PRIDGEN, Jr., Frank
February 22, 1941 August 21, 2021
Frank Pridgen, Jr., formerly of Dothan, Alabama and, for most of his life, Atlanta, Georgia, passed away on August 21, 2021 after a short illness in Brownwood, Texas, at the age of 80.
Preceded in death by his parents, Frank and Minnie Woods Pridgen, his father being a successful attorney and credited as a founder of the National Peanut Festival in 1938, a much-anticipated annual event there in Dothan. He is survived by two sons, Henry Franklin Pridgen (Amy) and James Windham Pridgen (Tara), both of Atlanta and six beautiful grandchildren: Andrew, Alden, Ruthanna, Mamie, Ford, and Henry. He is also survived by younger brother James M. Pridgen of Washington, DC.
Frank was born in and attended schools in Dothan, then attended the University of Alabama where he was a member of Pi Kappa Phi fraternity and played the trumpet with the famous Million Dollar Band. One of his proudest moments was being a part of the first college marching band in America to spell out the score on the field during halftime (Liberty Bowl). Upon graduating with a degree in business administration, he moved to Atlanta, soon became a CPA and began a successful career with Ernst & Ernst (now Ernst & Young). He later gravitated toward becoming a developer with a specialty in investing European capital (German) into American commercial real estate. Eventually, he became the US president of BVT Group, an international real estate development and recapitalization firm.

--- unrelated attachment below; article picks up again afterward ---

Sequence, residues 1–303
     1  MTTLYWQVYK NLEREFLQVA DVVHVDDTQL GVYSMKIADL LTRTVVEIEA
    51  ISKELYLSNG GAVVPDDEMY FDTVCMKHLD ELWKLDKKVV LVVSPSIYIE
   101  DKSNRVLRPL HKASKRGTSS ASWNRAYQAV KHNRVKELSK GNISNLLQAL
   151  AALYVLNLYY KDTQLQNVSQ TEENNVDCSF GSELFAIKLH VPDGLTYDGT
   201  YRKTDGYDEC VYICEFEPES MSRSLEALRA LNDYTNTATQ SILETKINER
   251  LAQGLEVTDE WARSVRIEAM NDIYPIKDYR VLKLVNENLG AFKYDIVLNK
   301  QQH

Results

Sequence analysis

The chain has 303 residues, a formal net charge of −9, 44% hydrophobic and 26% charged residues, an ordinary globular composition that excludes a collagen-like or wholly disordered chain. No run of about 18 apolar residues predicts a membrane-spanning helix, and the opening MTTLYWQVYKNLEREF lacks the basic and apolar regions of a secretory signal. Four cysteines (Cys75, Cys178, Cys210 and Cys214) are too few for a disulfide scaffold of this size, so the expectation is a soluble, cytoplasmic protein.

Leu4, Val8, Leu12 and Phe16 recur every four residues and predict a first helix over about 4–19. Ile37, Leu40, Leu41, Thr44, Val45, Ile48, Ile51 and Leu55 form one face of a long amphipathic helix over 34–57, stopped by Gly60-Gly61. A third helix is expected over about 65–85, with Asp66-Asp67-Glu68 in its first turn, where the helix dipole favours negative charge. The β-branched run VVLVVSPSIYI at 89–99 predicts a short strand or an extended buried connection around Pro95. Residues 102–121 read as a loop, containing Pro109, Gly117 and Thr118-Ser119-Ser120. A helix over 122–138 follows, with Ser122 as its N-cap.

He was married to Virginia D. Pridgen (mother of his children) and then to Rhea P. Pridgen. While in Atlanta, Frank was a prominent member of Peachtree Presbyterian Church, Cherokee Town & Country Club, and at one time was the treasurer of The Atlanta Music Festival Association, which brought New York's Metropolitan Opera annually to Atlanta. Two of his lifelong passions were automobiles and tennis.
One of Frank's last projects, the development of a residential enclave known as Longleaf Green, took him back to his hometown of Dothan and remains today as one of his legacies. Though he considered Atlanta home for the bulk of his life, he eventually retired to the Tampa, Florida area and later to west Texas, where he resided until his death. Anyone wishing to make a memorial gift in Frank's name should do so to the donor's favorite charity.